Best posts about this topicLoading . . .
A digital single-lens reflex camera (also called digital SLR or DSLR) is a digital camera that combines the optics and the mechanisms of a single-lens reflex camera with a digital imaging sensor, as opposed to photographic film. The reflex design scheme is the primary difference between a DSLR and other digital cameras. In the reflex design, light travels through the lens, then to a mirror that alternates to send the image to either the viewfinder or the image sensor. The traditional alternative would be to have a viewfinder with its own lens, hence the term "single lens" for this design. By using only one lens, the viewfinder of a DSLR presents an image that will not differ substantially from what is captured by the camera's sensor. A DSLR differs from non-reflex single-lens digital cameras in that the viewfinder presents a direct optical view through the lens, rather than being captured by the camera's image sensor and displayed by a digital screen.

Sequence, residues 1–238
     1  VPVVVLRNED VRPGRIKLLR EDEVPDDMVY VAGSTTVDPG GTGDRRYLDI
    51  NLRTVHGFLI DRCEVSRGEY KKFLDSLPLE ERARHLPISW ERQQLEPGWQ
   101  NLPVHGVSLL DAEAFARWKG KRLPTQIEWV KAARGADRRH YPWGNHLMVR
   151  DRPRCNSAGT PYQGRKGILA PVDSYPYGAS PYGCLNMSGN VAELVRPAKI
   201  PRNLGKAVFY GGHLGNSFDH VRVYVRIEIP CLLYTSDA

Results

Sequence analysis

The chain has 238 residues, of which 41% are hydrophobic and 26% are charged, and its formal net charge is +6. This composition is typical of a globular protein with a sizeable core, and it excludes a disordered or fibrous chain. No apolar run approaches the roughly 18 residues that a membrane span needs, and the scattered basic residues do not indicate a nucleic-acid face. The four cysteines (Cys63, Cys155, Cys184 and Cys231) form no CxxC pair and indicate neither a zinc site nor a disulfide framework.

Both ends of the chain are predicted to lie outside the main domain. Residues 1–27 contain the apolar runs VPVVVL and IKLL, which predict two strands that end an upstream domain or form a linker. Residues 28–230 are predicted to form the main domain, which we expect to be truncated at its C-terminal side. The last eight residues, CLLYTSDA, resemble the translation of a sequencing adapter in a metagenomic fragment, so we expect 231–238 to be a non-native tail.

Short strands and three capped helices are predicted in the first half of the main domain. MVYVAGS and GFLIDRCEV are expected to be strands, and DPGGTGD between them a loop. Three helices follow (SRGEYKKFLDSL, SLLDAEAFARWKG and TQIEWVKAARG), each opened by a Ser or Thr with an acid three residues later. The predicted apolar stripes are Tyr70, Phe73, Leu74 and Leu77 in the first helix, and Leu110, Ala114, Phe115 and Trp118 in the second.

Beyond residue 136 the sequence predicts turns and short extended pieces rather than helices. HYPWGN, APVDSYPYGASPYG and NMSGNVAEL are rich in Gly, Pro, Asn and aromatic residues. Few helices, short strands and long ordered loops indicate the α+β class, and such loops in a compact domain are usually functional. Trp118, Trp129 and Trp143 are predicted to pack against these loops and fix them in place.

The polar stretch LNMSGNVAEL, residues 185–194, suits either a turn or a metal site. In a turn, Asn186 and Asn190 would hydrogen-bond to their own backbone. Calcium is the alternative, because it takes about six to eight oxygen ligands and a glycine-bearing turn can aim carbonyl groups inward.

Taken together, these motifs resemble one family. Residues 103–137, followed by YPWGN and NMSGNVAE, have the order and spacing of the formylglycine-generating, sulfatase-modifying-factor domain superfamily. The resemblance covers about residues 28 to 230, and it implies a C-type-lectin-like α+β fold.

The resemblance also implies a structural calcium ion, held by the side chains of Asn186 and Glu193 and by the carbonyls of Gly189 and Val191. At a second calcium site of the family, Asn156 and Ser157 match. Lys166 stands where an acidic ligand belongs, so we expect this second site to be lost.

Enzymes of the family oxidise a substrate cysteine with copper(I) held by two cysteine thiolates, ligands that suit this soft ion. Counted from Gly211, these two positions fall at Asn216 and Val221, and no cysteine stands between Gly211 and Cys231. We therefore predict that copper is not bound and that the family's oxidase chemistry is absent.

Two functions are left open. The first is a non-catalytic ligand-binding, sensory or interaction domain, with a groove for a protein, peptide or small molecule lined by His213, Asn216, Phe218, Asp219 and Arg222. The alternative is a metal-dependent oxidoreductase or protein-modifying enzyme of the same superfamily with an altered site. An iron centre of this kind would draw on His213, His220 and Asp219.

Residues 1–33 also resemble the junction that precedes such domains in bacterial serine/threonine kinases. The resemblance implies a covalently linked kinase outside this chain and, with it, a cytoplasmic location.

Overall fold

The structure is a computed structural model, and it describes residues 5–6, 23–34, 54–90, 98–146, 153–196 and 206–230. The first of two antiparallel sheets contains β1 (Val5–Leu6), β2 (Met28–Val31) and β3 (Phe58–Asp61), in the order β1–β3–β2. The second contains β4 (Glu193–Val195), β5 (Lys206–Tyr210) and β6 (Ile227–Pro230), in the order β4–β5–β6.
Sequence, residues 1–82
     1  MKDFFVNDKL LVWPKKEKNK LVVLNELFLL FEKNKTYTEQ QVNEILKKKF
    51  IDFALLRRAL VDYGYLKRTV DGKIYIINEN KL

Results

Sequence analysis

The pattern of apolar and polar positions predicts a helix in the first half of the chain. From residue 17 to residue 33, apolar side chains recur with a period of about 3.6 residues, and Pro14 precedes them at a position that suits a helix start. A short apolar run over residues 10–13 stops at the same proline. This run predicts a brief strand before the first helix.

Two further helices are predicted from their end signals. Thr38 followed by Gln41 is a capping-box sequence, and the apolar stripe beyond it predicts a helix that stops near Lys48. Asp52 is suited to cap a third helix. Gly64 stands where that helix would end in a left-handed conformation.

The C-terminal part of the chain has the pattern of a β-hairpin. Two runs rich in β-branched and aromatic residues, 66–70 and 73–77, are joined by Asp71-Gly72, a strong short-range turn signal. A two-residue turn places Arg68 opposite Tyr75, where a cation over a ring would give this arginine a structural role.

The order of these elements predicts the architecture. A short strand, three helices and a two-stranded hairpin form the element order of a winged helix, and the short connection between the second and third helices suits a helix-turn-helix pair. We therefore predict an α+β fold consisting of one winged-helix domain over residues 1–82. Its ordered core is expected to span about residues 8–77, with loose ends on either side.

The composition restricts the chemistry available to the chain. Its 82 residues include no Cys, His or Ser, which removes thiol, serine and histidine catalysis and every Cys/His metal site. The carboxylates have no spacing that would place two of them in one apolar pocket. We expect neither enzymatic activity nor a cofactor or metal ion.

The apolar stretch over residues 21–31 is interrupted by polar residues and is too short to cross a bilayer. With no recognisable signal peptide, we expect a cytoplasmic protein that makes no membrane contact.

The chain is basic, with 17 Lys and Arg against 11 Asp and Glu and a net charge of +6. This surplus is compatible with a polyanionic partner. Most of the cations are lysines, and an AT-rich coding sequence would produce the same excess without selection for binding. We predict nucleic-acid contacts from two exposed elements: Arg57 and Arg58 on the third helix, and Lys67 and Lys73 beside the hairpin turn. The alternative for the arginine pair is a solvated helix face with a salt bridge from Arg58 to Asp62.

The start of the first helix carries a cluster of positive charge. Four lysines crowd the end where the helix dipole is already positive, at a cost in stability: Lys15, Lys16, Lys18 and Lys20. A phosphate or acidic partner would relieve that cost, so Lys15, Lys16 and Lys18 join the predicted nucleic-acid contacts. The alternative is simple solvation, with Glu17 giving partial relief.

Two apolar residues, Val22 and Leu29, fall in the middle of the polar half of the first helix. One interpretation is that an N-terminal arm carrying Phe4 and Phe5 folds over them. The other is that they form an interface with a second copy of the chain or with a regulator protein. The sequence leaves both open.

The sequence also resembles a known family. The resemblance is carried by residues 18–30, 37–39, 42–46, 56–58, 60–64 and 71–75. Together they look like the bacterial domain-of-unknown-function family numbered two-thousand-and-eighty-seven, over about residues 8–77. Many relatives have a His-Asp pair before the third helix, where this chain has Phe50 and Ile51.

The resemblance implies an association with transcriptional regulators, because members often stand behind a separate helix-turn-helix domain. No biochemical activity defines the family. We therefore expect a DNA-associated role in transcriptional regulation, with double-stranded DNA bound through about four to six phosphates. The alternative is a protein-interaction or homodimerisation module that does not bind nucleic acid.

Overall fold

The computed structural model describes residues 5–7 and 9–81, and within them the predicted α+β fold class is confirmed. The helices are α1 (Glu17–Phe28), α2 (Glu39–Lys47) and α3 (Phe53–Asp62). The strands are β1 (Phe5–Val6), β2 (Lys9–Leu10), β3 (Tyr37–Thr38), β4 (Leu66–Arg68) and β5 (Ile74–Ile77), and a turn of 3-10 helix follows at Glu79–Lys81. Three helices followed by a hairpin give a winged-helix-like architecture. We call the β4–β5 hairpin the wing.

No signin required
Sussle is the first, open visual encyclopedia. Anyone can use it.
It has beautiful images and viral videos that are way more fun than reading all the text in traditional encyclopedias.
Just click on the red module above.